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The Official Site of Minor League Baseball
Brainstorming at the MiLB Promo Seminar
Front-office execs share ideas, experiences in Columbus, Ohio
10/02/2015 10:00 AM ET
The 2015 Minor League Baseball Promo Seminar, where "one idea is worth the price of admission." (Courtney Jantz/

The Minor League Baseball Promo Seminar, an annual event held soon after the conclusion of the season, has long had the slogan "Where one idea is worth the price of admission."

Alternative slogans could include "Minor League Baseball: Where intellectual property theft is encouraged;" "Take my concept, please;" or, most succinctly, "Steal this idea." The point of the Promo Seminar, this and every year, is simply to share best practices among peers. Since Minor League teams don't compete with one another -- each team operates within a controlled geographic area -- the industry subscribes to the general theory of "a rising tide lifts all boats."

The Promo Seminar, organized by the Minor League Baseball head office in St. Petersburg, Florida, always takes place in a Minor League Baseball city. This year's locale was Columbus, Ohio, home of the International League champion Clippers. For three long days (and longer nights, for this is a group that never says no to another round), the Columbus Convention Center served as an incubator for the best and boldest ideas that the industry has to offer.

Free baseball

The Promo Seminar kicked off on Tuesday, Sept. 29, with a presentation by Ken Schnacke, president and general manager of the host Clippers. Though the bulk of his presentation was concerned with ways to extend the "honeymoon" period of a new ballpark, Schnacke also took the time to explain his team's unorthodox ticketing strategy in the International League playoffs. Contradicting the long-held industry truism that free admission devalues the product, the Clippers did not charge fans to attend each of their final three postseason home games.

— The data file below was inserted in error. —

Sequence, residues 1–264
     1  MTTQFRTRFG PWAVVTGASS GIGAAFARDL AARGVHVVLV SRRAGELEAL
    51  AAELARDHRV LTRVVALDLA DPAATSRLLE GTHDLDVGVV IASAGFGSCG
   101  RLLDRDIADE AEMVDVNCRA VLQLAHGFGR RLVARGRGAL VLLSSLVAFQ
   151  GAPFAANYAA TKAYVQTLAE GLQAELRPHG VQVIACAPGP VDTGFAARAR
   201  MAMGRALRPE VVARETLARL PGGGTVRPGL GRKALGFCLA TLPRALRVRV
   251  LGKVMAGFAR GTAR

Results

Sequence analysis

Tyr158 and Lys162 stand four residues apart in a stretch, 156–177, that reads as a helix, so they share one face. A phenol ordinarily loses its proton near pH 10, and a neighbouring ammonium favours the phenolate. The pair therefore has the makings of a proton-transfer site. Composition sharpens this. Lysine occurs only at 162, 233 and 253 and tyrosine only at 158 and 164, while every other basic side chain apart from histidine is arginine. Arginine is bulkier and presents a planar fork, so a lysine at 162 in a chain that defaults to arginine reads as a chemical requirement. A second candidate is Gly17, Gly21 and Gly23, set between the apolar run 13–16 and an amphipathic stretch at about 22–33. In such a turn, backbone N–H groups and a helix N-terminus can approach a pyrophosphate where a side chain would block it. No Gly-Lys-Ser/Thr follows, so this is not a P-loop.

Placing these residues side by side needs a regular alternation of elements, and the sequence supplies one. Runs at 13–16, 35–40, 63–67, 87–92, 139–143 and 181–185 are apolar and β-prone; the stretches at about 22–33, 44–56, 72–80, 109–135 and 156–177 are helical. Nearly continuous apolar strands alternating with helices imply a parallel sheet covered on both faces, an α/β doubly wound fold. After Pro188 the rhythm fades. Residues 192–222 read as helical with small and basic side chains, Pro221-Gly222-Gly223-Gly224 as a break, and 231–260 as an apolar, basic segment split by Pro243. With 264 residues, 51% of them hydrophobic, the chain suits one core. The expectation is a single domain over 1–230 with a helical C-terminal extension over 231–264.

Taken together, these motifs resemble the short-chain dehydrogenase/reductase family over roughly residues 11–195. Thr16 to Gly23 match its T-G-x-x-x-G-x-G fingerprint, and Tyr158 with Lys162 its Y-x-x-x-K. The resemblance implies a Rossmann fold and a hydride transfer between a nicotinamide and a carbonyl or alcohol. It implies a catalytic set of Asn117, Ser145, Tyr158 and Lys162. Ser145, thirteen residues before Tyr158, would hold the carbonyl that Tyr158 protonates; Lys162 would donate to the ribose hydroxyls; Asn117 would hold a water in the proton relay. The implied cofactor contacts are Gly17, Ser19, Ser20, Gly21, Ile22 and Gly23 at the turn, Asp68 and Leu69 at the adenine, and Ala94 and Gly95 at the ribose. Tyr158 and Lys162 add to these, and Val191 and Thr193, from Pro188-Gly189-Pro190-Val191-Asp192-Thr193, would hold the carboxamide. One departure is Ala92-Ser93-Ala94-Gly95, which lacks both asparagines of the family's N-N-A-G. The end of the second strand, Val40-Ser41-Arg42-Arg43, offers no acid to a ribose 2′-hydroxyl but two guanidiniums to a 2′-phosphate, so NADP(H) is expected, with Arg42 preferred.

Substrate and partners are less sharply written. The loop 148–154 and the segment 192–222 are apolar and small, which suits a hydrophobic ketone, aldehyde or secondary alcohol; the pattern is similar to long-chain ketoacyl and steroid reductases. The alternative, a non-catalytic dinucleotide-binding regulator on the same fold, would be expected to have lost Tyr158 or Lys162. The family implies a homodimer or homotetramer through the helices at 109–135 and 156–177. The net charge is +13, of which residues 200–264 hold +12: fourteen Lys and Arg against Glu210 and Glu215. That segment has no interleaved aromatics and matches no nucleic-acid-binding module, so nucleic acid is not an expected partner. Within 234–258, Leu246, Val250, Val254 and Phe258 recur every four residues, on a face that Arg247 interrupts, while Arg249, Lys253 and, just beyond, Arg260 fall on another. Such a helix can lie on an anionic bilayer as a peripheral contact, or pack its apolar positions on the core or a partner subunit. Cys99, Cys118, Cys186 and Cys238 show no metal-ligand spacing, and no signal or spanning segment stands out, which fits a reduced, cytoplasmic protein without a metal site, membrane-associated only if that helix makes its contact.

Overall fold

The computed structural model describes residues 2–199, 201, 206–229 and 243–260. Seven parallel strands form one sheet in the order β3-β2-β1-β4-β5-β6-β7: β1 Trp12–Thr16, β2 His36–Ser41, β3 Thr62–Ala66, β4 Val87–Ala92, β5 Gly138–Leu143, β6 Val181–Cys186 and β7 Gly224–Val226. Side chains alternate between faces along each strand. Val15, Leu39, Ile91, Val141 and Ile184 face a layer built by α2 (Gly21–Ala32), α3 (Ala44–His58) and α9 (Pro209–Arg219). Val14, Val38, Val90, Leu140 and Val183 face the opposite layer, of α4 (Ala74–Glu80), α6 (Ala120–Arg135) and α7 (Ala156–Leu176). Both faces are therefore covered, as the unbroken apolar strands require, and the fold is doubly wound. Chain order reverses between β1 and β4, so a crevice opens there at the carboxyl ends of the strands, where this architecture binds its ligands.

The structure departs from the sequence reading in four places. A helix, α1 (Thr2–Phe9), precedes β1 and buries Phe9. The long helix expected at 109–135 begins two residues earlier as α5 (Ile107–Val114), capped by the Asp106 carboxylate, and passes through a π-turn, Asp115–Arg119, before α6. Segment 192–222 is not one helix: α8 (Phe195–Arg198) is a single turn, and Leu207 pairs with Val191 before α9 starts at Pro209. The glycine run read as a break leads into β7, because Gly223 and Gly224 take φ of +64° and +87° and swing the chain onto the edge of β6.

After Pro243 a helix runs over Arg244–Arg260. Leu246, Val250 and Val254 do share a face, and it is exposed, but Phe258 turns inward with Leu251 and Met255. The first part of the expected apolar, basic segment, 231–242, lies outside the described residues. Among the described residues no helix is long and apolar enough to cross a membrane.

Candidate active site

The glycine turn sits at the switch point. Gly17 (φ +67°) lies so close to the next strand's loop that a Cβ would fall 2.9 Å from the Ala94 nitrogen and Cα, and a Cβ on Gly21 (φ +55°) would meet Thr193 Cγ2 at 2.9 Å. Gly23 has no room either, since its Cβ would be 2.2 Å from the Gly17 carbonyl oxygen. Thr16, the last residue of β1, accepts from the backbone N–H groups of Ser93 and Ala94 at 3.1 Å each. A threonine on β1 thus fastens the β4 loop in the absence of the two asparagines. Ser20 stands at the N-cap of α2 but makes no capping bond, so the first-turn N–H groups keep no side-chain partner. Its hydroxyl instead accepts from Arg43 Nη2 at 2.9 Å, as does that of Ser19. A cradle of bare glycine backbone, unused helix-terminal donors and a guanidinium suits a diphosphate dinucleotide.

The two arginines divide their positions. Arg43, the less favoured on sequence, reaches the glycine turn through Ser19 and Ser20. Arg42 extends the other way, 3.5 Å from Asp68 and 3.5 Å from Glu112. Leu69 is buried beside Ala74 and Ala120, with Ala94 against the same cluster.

Schnacke said that the idea to allow fans in for free was one borne of frustration. Game 4 of the semifinal series took place in Columbus in front of an announced crowd of 2,468, with the Norfolk Tides rallying for a 6-5 victory to tie the series 2-2. The stadium atmosphere in the game's late innings was grim and uninspired, and Schnacke was determined to not let that happen again. Up in the press box, he said "Tomorrow, we're letting the fans in for free."

That they did, as the Clippers won the series in front of a crowd of over 10,000 fans. The team hosted the first two games of the finals in each of the next two nights, drawing an additional 20,000 supporters. The Clippers won both games, and eventually won the league championship in five games over Indianapolis.

Schnacke said that the lost ticket revenue had to "be made up from another pocket" and that they did so via money made from increased concession and souvenir sales.

"The key thing was [the fans] came," said Schnacke. "Almost to a man, the players told us that they biggest reason they wanted to win was because of the energy of those fans."

Nursing an idea

The latter part of Tuesday was spent in smaller Group Therapy sessions, which allowed for a more informal and interactive brainstorming environment. Kristen Call, senior director of marketing for the Myrtle Beach Pelicans, moderated a session entitled "Taking Timely Advantage of Pop Culture Phenomena." During this session, participants shared their best pop-culture promos and debated strategies regarding how to best capitalize on current events. After hearing about 2015 highlights such as the Pelicans' Deflate Cancer Night (a satirical and charitable response to the Deflategate scandal) and the Hickory Crawdads' Dad Bod Night, attendees to the session devised a new theme night on the spot.